Mauricio Pochettino wanted assurances before extending his contract at Tottenham. It wasn't quite pistols at dawn with Daniel Levy, but there was evidently a series of conversations which needed to be had before the manager felt comfortable in committing his future.
The crux of the issue appears to be ambition - a horrible, loose word in modern football - and Tottenham's lack of it. Pochettino's position was presumably that, having delivered Champions League football on a relative pittance for three years straight, the club's new stadium entitled him to a slightly weightier transfer market punch.
He had a point. More importantly, one Spurs chairman Levy seems to agree with. Whatever discussions took place were enough to convince Pochettino that his future lay in north London rather than Madrid. According to reports - and figures at this time of year are all estimates - the Argentine will be supported this summer to the tune of £150m, plus any additional revenue arising from player sales.
Good news. Pochettino has already proven he can do a lot with a little, so further investment should prove a useful multiplier.
Or, at least, it will do if Spurs remain informed by the good habits they've acquired over these past few years. After all, they occupy their current position because they've been able to outmanoeuvre wealthier rivals. Money is good, spending it wisely is better.
Pochettino himself is a natural underdog; the kind of head coach who is at his best when he has something to rage against. While there's much to admire in his management, his greatest strength appears to lie in the culture he's been able to seed. The Argentine and his technical staff have overseen terrific improvement in individual players, created a dynamic team rich in flair and built one of the best defences in the country – but all of that is rooted in the emotional hold he appears to have over his squad.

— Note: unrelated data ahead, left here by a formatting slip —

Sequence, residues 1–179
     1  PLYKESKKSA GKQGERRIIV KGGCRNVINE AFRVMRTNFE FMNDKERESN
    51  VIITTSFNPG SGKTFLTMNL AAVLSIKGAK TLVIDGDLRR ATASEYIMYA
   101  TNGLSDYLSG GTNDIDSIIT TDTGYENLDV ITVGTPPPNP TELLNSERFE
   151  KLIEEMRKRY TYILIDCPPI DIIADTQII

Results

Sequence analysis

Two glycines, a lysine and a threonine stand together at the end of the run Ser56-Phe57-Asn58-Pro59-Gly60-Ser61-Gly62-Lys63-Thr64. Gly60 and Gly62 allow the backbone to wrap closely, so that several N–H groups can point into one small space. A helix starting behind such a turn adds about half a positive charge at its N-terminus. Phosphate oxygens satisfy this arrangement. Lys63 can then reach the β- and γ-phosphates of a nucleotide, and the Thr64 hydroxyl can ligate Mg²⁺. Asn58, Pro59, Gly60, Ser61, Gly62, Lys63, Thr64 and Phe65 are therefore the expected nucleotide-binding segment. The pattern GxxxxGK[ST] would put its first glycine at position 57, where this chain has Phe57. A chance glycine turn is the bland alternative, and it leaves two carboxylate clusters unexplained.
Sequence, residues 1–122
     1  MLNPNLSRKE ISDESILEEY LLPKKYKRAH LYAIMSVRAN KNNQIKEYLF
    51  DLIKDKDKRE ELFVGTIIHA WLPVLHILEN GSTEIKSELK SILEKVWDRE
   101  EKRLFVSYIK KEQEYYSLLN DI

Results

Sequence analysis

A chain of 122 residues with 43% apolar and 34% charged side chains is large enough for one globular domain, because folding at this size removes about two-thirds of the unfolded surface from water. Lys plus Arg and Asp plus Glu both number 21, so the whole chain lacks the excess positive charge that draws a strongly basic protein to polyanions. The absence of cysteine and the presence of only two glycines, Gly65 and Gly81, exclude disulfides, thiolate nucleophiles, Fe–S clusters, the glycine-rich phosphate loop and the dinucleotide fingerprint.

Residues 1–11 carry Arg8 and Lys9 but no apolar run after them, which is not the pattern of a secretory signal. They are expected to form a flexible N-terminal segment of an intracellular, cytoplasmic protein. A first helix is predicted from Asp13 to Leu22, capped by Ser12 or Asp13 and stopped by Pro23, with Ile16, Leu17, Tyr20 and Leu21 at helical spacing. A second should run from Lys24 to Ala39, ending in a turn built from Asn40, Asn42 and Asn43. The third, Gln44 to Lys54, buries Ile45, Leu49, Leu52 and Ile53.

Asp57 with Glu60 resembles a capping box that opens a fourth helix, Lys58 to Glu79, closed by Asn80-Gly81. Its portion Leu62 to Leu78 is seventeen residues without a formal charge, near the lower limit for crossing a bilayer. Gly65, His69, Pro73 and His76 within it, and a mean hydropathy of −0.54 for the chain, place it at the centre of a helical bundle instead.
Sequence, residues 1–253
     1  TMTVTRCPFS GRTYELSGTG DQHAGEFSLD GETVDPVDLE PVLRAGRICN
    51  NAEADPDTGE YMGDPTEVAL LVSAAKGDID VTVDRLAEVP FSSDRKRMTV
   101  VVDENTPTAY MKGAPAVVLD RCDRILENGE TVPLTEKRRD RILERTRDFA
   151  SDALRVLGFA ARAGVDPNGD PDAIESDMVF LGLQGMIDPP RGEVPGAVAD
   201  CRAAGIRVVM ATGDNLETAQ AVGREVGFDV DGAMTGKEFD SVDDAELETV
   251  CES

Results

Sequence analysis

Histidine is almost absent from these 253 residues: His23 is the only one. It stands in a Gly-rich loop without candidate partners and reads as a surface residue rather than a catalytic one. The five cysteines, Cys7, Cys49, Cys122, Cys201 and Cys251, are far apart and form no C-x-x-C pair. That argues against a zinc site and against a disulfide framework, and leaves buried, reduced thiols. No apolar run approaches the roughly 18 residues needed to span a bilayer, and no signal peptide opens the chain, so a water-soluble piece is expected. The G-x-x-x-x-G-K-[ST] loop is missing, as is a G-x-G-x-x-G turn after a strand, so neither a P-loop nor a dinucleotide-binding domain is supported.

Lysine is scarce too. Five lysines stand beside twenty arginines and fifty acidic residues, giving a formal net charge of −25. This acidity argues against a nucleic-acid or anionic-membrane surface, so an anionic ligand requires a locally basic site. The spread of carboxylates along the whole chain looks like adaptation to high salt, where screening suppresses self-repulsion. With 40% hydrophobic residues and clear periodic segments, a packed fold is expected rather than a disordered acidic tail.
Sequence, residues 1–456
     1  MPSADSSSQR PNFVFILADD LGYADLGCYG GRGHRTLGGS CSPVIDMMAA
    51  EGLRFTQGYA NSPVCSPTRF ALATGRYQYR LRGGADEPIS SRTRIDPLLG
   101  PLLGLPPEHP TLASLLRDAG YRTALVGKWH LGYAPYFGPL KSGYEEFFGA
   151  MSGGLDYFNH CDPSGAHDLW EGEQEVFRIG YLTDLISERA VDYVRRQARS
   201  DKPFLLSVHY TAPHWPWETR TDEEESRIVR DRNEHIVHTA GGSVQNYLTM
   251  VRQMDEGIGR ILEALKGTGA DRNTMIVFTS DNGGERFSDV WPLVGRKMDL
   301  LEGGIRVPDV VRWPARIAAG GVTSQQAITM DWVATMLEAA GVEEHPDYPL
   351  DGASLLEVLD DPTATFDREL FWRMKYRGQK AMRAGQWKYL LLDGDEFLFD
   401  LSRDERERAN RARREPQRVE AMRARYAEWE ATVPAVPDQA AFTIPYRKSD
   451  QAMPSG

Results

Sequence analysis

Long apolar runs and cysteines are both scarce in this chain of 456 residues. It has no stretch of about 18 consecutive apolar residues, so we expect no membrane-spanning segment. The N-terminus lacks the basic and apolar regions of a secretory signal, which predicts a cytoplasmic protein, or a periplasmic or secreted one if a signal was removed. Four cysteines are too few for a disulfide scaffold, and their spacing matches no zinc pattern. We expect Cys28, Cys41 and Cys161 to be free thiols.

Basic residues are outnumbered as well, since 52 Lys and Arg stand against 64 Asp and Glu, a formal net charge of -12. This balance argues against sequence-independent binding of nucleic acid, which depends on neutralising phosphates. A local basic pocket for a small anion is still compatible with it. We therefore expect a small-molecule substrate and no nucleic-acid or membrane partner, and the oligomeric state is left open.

That makes this transfer period trickier than it otherwise might be. At other clubs, where money is no object and the spotlight is guaranteed, players are naturally tamed by gravitas. Nobody walks into Manchester United, for instance, believing that they are bigger than what surrounds them. At Tottenham that shouldn't be the case either, but the cocktail is more delicate and, consequently, the club is slightly more susceptible to incoming personalities.
There are two implications. Firstly, it means that players with character defects and histories of challenging authority are to be left well alone. Irrespective of the statistics they compile and the way they perform on the field, they can only do harm. Secondly, any new additions must immediately understand their place within the existing hierarchy. Harry Kane is the natural star, but the club's recent progress has been driven by the performances of Christian Eriksen, Jan Vertonghen, Dele Alli and so on.
It’s important to progress this team and create competitive tension within it, but it's also essential that its incumbent parts aren't devalued, or made to feel devalued, in the process.
Targets in 2018
Tottenham are not in the habit of leaking their transfer targets – the case for season ticket renewal makes itself at the moment – but there does seem to be an accepted shortlist. Christian Pulisic is supposedly of interest, Anthony Martial too, and Wilfried Zaha's name continues to reappear.
Zaha is an interesting case. The Crystal Palace forward has been piquing curiosity in north London for some time, yet his profile makes that difficult to rationalise. He's the focal point at Palace, the be-all and end-all of their Premier League existence, and it's hard to see how he could adapt to any situation in which he was a common part rather than a star turn.